FORGET ME NOT
New technology, don’t you love it?
That was the kids’ job—to tell you when you were doing it wrong, to point out that you couldn’t possibly understand how the DVR or the GPS works, or how much cellular data it will take to download a family movie. And coincidently, it was the movie nobody really wanted to watch.
Selecting a movie is one problem I’m glad not to have any more, or at least not as often. You gather the family around the TV and start the hunt. Everything is rated R—which isn’t the same R you remember. “Why is it R?” you wonder. Sex? Violence? Drugs?
And which is worse, watching pornographic sex scenes with your young adult children . . . or watching a science teacher give every detail on how to cook meth in the bathtub? We typically ended up with a movie nobody really wanted to watch – and nobody really liked—but it was family time, damn it! And at least one thing was always true – the Jiffy Pop popcorn was the best.
I tend to be a late bloomer in the areas of what is popular and learning new technology. For years, I had been hearing about this great new show . . . Carrie and her single friends in New York—and they talked about men and sex! So liberating! “You just have to watch it,” my friends said.
And I finally did, I started watching Sex and the City only recently, after waiting for it to get to syndication on one of those stations that plays it all the time. It seemed to be the only way I could have the TV on at the right time.
Yes, I hear you thinking, “Never heard of a DVR? Or on-demand?” And I’ve “HEARD” of them . . . it’s just not yet my time to embrace them. Give me a couple more years . . . and let them work the bugs out.
However, there is one area I wish I would have grasped a lot sooner—digital photography. It seemed like one day I was sending off my 35mm film roll to be developed, and the next day I had nothing! I loved picking up the envelope of prints. You were so anxious to see if you got the shot, you had to rip it open right there at the counter, paying zero attention to the groans that came from the people lined up behind you. You weren’t going to pay for prints that didn’t turn out, for heaven’s sake! And often, many of the people in the photos had red eyes, or were out of focus.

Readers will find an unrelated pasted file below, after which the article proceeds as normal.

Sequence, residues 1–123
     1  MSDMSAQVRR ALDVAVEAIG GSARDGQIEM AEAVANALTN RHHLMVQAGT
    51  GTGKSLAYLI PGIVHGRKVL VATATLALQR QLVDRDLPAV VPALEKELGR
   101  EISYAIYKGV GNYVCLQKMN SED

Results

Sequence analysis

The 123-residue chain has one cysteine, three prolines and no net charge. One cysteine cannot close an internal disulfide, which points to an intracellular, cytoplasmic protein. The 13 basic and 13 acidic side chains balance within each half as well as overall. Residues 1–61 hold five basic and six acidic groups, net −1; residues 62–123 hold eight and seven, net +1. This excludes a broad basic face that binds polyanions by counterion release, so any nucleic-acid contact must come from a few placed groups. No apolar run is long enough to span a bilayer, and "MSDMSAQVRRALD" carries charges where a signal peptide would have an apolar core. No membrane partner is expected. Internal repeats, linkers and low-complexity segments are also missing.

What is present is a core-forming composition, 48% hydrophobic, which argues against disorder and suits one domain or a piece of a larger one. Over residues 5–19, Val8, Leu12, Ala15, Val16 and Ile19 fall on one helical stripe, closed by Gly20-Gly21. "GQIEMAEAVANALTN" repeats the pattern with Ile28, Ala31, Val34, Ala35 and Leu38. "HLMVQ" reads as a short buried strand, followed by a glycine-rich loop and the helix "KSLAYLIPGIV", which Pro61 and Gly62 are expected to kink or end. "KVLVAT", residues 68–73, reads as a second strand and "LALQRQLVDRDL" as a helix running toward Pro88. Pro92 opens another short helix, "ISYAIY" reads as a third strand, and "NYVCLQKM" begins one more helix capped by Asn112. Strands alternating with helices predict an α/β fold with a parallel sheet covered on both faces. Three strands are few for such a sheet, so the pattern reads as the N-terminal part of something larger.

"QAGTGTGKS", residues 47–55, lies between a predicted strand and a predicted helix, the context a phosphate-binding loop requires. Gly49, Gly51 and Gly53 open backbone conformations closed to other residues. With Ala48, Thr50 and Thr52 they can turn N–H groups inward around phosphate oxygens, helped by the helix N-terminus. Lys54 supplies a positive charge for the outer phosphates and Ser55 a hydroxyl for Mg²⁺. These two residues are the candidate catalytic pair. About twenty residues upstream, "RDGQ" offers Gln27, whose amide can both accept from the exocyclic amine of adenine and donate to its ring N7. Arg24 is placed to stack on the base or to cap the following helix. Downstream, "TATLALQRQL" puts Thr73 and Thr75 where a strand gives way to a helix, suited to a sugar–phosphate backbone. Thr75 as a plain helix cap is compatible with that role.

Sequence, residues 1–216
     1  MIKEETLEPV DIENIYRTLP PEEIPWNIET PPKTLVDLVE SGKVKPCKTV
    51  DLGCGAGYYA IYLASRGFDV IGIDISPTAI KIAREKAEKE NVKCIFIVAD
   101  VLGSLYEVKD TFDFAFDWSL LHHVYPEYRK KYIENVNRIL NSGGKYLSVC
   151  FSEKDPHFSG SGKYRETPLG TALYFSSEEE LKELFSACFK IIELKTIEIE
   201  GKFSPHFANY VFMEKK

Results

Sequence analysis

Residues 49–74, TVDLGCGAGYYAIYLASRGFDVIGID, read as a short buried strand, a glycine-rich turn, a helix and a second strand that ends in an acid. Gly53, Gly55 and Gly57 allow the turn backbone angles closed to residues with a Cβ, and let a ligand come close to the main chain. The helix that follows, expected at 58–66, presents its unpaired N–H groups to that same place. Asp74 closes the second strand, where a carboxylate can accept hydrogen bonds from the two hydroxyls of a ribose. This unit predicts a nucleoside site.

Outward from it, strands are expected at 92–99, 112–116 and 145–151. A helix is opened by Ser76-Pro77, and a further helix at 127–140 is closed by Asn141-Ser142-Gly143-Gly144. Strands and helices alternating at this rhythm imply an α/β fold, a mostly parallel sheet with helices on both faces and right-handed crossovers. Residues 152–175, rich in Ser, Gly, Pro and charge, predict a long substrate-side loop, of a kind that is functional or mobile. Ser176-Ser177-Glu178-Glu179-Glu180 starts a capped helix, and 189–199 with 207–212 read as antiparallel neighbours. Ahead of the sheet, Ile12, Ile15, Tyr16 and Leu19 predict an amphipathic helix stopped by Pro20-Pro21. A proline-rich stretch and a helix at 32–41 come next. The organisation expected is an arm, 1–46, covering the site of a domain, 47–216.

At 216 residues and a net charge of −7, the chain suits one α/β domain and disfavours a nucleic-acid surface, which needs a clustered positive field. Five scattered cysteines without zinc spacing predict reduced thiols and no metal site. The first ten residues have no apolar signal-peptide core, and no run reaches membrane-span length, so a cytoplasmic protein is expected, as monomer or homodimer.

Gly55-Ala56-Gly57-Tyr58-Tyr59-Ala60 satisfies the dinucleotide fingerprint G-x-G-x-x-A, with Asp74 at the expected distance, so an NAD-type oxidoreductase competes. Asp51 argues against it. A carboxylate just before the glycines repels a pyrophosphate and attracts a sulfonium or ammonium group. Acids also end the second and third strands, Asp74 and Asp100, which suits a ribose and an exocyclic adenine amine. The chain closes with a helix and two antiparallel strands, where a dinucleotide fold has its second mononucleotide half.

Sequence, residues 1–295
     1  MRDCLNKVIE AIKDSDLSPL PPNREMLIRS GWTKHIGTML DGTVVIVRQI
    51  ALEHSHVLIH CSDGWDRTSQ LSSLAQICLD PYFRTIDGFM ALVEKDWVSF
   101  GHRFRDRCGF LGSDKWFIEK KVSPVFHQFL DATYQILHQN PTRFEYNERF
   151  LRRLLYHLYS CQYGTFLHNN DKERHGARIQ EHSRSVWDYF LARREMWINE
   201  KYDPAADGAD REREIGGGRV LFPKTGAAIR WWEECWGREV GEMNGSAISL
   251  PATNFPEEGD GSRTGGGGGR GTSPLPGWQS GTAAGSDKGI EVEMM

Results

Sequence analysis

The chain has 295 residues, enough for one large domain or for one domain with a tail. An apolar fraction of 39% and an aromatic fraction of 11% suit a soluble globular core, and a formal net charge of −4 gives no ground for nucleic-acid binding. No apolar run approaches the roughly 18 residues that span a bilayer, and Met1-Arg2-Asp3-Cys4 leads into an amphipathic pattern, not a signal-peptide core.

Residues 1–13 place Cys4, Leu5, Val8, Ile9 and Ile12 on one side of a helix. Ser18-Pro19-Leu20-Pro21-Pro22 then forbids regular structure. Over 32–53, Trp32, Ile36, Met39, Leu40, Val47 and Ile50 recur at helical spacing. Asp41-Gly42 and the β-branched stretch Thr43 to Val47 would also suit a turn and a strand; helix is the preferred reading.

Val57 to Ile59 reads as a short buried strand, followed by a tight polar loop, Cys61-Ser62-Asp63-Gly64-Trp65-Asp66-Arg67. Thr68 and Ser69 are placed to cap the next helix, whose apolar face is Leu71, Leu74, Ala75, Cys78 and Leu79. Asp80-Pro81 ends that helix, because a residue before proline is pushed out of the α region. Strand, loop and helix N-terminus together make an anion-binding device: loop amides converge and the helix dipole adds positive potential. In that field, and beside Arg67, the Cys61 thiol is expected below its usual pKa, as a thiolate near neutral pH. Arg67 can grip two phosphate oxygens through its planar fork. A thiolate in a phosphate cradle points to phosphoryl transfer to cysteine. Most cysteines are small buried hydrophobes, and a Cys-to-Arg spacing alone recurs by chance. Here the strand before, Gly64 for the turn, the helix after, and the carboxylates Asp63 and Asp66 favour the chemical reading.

Any sane person would say, “That is why digital photography is so great! You can see the shot immediately, take out the red eyes, and even adjust the amount of light.”
It all sounds so great, except . . . . I forget to back up my camera—for four years—and only then did I realize I never bothered to print a single picture. It’s not an easy conversation to have with your youngest child. That day she noticed that there were books and books of photos of her older brother on the shelf—and only one photobook of her.
“How could you let that happen?” she wailed. “How can anyone be so dumb?!”
Not the first time, and surely not the last time, that question has been asked.
What I learned from that episode was just how smart my mom is. I distinctly remember asking her those very same questions. The older I get, the smarter she gets. I can only hope this will happen to me too.
But life goes on, and now you discover that you are that irritating person in the group who constantly insists that everyone must pose for a picture. “Move in a little closer . . . look here . . . smile! Darn it—I forgot to turn off the flash/the movie mode/the special effects.
Can we do one more?